Hugh Taylor Birch State Park’s Long Lake is part of a freshwater coastal dune lake system that once spanned nine miles along the coast of southeast Florida. These coastal dune freshwater lakes formed over many centuries as a barrier island. As development occurred, much of the stretch was filled in and/or broken up into a series of smaller lakes as roadways or trail-ways were installed. Over time, these lakes formed silt bottoms as aquatic plant life dropped their leafy matter and it decayed, becoming an impermeable barrier against saltwater intrusion from the adjacent Atlantic Ocean.
In 2016 and 2018, with help from the Community Foundation of Broward, other private donations, Broward County and the City of Fort Lauderdale, the Friends engaged in two phases of mechanical clean out of the lake. In the first phase, invasive plant species were removed from the lake along with four feet of muck. The nearly one-mile lake became navigable once again for kayaks, canoes, paddleboards and pedal boats. Additionally, the result of removing cattails, non-indigenous vegetation and debris provided a vital habit for our native local plant and wildlife. In phase two, laborers spent 200 man-hours removing debris from the impassable and debris-clogged 800-foot moat that runs along the eastern side of the park’s coastal dune lake. Approximately one-foot deep of debris was removed from the 12′-wide moat and was stacked along the sides of the moat (an estimated 28,800 square feet of debris was collected). Volunteers from local Corporations assisted in gathering debris and placing it in dumpsters. Once the top layer of debris was removed, a licensed contractor spent 4 weeks using a suction pump to remove 2 to 3 feet of muck from the floor of the moat. It was pumped into porous nylon bags where it drained. It was subsequently repurposed as fill dirt within the park, creating a mangrove rehabilitation area in the northern section of the park.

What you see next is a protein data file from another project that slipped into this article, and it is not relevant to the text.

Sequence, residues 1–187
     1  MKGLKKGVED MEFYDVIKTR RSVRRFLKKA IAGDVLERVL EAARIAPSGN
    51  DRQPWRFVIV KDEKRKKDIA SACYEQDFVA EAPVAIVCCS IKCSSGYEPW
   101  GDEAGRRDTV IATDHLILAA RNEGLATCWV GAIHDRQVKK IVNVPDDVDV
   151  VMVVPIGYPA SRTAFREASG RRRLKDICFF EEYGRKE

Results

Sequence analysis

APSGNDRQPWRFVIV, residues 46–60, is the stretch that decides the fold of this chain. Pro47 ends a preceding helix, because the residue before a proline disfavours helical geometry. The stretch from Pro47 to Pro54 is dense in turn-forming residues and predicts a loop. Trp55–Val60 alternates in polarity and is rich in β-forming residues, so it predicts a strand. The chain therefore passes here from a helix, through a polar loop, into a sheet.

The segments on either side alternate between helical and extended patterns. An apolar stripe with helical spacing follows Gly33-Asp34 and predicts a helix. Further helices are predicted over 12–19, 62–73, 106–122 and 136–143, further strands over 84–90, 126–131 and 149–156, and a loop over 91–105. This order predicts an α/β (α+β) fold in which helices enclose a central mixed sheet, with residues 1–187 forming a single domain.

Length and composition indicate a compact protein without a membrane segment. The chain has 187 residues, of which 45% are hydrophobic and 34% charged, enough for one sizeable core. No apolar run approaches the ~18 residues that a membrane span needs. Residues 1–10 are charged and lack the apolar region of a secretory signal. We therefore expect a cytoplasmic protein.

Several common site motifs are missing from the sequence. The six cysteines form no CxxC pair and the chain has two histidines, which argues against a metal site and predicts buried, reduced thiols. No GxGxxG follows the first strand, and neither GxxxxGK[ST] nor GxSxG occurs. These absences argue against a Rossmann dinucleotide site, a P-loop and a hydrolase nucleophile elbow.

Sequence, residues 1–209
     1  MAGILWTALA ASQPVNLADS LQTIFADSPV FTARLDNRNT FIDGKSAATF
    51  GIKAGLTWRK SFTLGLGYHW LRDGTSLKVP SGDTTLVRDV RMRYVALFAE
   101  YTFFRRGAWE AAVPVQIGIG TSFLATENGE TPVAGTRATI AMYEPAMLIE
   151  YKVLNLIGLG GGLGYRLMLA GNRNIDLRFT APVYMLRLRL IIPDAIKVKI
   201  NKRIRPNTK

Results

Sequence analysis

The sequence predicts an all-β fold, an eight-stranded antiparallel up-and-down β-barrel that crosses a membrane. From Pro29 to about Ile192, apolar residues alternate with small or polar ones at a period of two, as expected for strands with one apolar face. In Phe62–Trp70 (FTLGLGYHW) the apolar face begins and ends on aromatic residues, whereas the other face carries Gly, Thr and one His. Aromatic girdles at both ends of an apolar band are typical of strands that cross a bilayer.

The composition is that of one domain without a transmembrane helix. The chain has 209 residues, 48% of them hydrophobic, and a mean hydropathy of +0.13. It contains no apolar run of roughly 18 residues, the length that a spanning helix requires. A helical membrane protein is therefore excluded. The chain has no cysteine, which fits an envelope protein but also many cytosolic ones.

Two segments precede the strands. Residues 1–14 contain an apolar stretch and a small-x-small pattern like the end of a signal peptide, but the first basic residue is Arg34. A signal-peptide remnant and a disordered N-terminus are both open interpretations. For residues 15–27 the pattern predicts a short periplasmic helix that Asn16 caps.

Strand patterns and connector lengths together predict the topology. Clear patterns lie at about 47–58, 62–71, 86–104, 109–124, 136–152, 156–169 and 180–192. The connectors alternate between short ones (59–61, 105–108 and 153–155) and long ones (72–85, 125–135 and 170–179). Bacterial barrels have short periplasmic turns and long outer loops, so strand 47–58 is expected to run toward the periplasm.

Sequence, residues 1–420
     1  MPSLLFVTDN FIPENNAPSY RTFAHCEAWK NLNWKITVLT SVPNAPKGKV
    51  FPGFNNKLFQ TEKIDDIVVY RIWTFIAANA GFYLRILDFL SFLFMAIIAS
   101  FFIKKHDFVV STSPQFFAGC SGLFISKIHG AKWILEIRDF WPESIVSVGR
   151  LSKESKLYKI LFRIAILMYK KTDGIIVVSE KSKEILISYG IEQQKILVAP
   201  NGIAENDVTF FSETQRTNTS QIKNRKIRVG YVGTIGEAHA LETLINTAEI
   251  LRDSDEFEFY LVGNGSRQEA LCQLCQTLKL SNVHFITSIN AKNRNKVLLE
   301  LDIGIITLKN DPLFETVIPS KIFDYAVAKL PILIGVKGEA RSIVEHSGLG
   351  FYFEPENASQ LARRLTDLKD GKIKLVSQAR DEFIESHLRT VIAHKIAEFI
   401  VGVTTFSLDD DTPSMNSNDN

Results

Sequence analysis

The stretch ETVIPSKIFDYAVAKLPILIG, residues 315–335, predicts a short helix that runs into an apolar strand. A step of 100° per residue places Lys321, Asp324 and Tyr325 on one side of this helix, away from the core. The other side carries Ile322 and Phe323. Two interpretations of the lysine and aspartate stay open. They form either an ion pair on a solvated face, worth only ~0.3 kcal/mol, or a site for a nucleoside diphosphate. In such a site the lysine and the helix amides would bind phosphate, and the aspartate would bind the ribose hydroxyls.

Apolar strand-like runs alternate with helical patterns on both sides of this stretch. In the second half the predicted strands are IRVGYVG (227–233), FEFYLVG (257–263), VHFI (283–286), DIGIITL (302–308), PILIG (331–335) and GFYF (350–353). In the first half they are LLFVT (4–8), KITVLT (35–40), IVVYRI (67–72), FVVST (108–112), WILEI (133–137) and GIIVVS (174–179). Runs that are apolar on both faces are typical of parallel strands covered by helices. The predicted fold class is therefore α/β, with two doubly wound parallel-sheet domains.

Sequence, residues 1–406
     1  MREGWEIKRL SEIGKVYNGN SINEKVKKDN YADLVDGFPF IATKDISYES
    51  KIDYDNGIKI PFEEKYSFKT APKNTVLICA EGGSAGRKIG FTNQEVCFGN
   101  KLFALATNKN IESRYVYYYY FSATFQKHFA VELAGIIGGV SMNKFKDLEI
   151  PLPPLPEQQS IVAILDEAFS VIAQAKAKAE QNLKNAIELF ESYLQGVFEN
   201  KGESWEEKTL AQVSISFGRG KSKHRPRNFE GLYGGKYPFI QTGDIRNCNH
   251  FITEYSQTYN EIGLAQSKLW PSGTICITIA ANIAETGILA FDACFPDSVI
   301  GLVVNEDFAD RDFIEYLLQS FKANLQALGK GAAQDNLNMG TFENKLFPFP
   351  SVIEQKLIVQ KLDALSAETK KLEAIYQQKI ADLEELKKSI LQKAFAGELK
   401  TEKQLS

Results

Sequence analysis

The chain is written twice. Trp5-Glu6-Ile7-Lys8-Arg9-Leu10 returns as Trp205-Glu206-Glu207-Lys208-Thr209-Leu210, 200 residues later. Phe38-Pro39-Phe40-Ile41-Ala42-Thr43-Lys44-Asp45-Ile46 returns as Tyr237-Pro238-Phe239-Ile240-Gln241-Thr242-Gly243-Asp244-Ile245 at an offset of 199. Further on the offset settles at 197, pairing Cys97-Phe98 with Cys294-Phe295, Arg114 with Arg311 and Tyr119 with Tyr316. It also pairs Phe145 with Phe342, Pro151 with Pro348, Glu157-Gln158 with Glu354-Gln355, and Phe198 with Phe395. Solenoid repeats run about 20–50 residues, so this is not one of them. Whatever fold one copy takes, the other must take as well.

Phase 3 is underway thanks to funding from the Community Foundation of Broward and Bank of America. This phase is addressing the North end of Long Lake. This area has yet to be touched and remains inaccessible to canoes and kayaks. The lack of accessibility also affects the monthly maintenance to the lake, leaving areas untreated. Beginning in April 2023, crews from Organic Sediment Removal Systems (OSR) will begin by removing years’ worth of sediment build up from the bottom of the lake into a “muck” bag using a series of pumps and hoses. This organic material accumulates over decades, restricting water levels and changing the natural properties of the ecosystem. The muck bags will be placed in a field by the Manatee Pavilion. The sediment tends to dry quickly in South Florida due to our porous sediment and our warm climate; we predict it needing 3-6 months. To comply with environmental policies and standards, the sediment must be soil tested after it dries to determine where it can be spread. Soil can contain a variety of compounds that may or may not allow it to be left on site.
For more information on how you can help, contact Michelle Schmitz at 954-566-0660 or email@example.com.
To donate towards further restoration efforts, click here.